CT Wiki Contribute (Draft)

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Welcome to the Commons Transition Wiki! Please read through the sections below to get acquainted with the structure of the wiki and our working methods. If you haven't done so already, please join our Commons Transition Wiki Loomio Group to meet other wiki contributors and discuss the evolution of the project.

How you can contribute

We like to say that this project is itself a commons, open to contributions and intended for the benefit of those who need it. Feedback welcome on any of the entries found on our wiki. Other ways to get involved include suggesting related projects for consideration, or sharing and discussing the proposals and ideas for action depicted here with your local policymakers, media and communities.

To contribute to this wiki, you will need to familiarize yourself with the Wiki's structure and goals, as well as some basic Wikimedia skills. If you're new to wikis, please read through the recommendations at the end of this page.

What the Commons Transition Wiki is (and isn't)

The Commons Transition project was initially conceived as a wiki to house modified policy proposals from the FLOK society project, adapted to be more generally useful (non-nation specific). The Commons Transition team rethought the project and developed a broader set of tools with an eye towards expansion in both communications and advocacy.

It now acts as an indexed repository of material on transitioning communities at all levels towards a commons orientation, both in the field of shared knowledge pools and material production. Our aim is to catalog, discuss and improve upon these proposals and to connect the social movements promoting them. These tools, ideas and communities are detailed in the following "portals", which are the entryways into the Commons Transition Wiki.

Portals in the Commons Transition Wiki

The wiki showcases the following areas, which are explained in more detail in the sections below. IMPORTANT: This needs to be updated with concrete hyperlinks to the final page name

This wiki is, therefore, a specialized directory with a very precise (albeit inclusive) focus. For contributing and discussing more general P2P/commons theory and resources, we suggest our "mother" information database: The P2P Foundation Wiki which has a much larger scope.

Commons Transition Wiki 101

IMPORTANT: Replace hyperlink with "final" page

Our wiki entry on "Commons Transition 101" lays out the structure and working methods of the Commons Transition Wiki in detail and it provides diagrams for quick reference. Please make sure to read it and bookmark it as a guide/resource for organizing your contributions.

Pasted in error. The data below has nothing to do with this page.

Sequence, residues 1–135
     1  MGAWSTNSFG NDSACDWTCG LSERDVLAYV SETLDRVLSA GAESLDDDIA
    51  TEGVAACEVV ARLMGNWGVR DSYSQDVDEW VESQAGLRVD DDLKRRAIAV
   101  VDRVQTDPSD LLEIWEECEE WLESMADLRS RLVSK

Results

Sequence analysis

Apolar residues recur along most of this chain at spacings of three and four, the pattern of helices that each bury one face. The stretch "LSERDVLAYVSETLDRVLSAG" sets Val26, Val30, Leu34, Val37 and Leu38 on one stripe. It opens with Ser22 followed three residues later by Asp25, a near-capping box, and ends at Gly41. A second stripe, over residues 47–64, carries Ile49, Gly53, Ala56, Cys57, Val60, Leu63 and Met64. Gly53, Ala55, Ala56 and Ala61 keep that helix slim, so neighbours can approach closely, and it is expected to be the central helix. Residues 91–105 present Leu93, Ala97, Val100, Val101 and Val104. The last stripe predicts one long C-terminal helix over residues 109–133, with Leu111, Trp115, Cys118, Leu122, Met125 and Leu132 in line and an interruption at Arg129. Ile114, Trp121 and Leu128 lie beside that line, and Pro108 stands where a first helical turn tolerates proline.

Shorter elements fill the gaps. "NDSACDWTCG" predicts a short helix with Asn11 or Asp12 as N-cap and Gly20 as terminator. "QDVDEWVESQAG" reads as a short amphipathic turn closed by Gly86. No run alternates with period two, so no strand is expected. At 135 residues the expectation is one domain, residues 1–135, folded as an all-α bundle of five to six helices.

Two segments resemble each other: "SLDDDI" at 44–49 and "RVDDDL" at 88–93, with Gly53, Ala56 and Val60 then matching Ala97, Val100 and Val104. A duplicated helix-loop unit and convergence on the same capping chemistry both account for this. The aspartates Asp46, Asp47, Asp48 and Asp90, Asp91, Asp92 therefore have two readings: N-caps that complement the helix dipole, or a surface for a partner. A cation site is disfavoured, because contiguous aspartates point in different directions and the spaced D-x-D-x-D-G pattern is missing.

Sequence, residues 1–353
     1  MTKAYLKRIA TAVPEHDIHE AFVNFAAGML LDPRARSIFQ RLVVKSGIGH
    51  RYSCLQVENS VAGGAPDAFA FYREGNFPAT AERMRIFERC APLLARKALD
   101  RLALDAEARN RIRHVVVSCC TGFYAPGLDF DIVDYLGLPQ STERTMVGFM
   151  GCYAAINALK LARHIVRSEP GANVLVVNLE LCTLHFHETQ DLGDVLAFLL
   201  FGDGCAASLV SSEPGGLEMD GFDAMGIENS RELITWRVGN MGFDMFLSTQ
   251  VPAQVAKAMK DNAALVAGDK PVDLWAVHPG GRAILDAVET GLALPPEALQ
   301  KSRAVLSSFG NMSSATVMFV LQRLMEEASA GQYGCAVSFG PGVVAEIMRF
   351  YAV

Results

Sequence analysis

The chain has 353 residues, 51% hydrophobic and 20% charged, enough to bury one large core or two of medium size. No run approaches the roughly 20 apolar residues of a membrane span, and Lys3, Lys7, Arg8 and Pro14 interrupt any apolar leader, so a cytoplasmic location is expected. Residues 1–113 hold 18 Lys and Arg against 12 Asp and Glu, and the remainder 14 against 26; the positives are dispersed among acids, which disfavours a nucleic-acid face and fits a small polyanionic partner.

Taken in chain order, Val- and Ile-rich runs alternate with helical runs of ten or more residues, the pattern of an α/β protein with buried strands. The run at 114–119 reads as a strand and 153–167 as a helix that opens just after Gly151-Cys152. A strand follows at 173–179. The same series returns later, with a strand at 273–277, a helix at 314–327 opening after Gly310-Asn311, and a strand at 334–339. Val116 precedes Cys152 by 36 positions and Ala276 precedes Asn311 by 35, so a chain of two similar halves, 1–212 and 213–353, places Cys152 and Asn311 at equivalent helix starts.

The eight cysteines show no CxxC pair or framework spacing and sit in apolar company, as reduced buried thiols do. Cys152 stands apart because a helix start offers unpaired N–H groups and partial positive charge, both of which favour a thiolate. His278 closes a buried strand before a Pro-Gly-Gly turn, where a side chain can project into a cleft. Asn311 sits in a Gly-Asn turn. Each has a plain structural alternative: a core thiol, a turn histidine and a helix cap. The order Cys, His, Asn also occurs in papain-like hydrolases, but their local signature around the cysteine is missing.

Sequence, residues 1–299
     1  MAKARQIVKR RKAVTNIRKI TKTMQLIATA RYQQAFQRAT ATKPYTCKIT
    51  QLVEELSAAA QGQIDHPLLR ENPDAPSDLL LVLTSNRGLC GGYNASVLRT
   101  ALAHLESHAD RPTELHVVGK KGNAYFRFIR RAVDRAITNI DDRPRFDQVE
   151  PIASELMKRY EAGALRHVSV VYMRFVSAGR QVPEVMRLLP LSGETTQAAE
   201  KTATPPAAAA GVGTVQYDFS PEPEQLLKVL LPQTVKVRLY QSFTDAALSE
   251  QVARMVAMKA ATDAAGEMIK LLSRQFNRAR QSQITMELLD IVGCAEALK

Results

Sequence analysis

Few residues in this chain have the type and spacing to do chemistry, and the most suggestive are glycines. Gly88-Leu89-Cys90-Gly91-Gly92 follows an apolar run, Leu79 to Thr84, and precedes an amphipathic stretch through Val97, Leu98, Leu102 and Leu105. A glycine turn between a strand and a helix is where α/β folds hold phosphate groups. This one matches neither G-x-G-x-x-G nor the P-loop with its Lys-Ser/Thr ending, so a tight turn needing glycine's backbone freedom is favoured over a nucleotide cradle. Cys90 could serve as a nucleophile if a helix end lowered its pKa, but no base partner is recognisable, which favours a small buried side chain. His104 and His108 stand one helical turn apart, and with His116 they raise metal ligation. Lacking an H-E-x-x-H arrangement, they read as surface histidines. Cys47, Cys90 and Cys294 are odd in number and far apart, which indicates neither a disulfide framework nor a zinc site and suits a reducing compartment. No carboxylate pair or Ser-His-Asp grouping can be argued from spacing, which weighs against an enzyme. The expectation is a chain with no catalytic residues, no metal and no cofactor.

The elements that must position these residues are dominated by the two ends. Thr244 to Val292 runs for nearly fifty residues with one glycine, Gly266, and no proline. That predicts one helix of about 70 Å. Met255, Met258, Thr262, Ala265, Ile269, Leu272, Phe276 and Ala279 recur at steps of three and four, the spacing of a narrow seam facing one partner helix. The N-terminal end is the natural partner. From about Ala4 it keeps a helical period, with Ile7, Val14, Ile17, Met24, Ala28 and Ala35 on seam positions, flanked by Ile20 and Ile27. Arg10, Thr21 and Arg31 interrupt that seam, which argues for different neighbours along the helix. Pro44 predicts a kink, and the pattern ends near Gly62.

How to join

Joining is very easy. We simply ask you to write an email to contactATcommonstransition.org answering the questions detailed below. Unless we really are not on the same page, we'll get back to you to provide you with a log in and any guidance you may require. Here are the questions:

Commons Transition survey questions

  • Tell us your name; your contact information address; place of residence.
  • How did you hear about Commons Transition and, specifically, this wiki?
  • How would you like to contribute to the Commons Transition Wiki?
  • How do you see a Commons Transition taking place?
  • What attracts you the most about this project?
  • Anything else you would like to add.

Collaborator Policy


Participation in the Commons Transition Wiki isn't totally open. As a Commons we want to ensure a mutual understanding of what the wiki is about, so all contributors can work together comfortably. To collaborate, we will ask you to contact us via email and answer a few short questions about your involvement with Commons Transition. This policy has the added benefit of curtailing possible trolls and spam attacks.

Additional considerations are:

  1. our wiki is a 'perspectival' wiki, meaning that although it is pluralist, it does require an adherence to the a priori proposition that the emergence of a Commons Transition is a good thing. So, we can and do discuss the dark sides, and we may disagree on how to achieve broader acceptance of what a Commons Transition means, but we a priori agree that in most cases, it is better than authoritarianism and inequality (for example).
  2. we practice the principle of Vouching, this means that at least one existing participant must know you. We practice this very liberally, i.e. I cannot recall ever prohibiting anyone, but it insures that no one is completely anonymous.

Recommended Guidelines and Good Practices

Additional Resources

If this is your first time working with a wiki, we recommend the following links:

The Commons Transition Wiki Wiki help page is an excellent place to start. We then suggest you follow this 5 minute wikitext tutorial in our Sandbox, with our cheat sheet